Libretto Research

Back in March of 2015, we did some libretto research. We were thinking of writing our first musical. While that didn’t happen that year, the research remained. Here’s the edited and updated notes regarding writing a libretto with reStructuredText.

We were pointed to http://kierenmacmillan.info/perfect-musical-libretto-format/ as a good example of a libretto. We liked it. It looked good. We can now produce something quite similar, from a completely text-based format.

We’re not 100% sold on all-caps for any use-case, but we understand the need for something. Unfortunately, there’s some inconsistency between the way the actors roles are formatted.

Which is to say, it led to some compromises. Our current design uses “small caps” and bold for the actor roles universally for the HTML-based output formats.

Between ePUB not supporting everything, and good “small caps” support being hard to find in many fonts, the ePUB styles change this to just upper-case. To us, it doesn’t look as good as it does with Small Caps, but it looks better than poor Small Caps support. (Bold, Italic small caps really showcases when they’re “fake” small caps.)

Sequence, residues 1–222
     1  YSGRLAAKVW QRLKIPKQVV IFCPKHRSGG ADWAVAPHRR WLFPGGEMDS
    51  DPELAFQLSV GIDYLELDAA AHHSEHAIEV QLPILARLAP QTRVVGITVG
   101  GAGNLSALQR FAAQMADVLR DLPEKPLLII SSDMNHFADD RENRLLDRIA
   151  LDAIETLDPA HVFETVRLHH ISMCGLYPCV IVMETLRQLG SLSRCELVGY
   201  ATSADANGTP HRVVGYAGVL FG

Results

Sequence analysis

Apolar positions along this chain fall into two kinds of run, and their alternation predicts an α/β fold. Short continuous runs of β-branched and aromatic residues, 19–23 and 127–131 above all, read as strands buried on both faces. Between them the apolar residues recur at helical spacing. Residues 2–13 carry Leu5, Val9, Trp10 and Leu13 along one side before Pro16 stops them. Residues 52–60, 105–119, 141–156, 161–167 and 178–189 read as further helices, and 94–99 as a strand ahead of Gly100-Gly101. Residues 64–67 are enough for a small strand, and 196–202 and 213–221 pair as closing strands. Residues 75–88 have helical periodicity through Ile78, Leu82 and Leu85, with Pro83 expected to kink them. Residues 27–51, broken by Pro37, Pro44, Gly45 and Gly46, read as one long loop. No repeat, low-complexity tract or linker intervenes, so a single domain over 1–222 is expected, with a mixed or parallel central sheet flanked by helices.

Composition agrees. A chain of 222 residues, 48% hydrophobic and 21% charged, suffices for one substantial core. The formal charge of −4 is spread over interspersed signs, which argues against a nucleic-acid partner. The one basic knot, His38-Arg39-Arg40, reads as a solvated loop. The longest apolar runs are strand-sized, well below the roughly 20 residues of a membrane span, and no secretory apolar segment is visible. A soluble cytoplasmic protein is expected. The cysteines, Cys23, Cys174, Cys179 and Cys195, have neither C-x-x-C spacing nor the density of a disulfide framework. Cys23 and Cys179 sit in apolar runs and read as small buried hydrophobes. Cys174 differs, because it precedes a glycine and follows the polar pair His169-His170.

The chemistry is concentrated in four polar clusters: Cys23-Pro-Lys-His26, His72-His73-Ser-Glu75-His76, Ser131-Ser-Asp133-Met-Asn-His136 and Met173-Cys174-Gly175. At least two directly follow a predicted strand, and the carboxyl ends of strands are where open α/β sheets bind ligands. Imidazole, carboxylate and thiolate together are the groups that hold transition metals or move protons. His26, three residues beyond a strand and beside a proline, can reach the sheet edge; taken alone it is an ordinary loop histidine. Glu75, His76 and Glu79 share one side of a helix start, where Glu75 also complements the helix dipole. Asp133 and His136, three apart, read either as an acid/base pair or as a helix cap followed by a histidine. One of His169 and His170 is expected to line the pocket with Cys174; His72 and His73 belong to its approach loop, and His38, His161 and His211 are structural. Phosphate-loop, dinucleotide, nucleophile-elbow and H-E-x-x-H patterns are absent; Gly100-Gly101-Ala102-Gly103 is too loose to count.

The Kieren MacMillan example had some novel wrapping for the speaking lines, and we opted for a simple hanging indent. We’re not sure how to do the novel method with reStructuredText without using a table, and that just gets ugly.

We use:

.. role:: actor
.. role:: action

.. default-role:: actor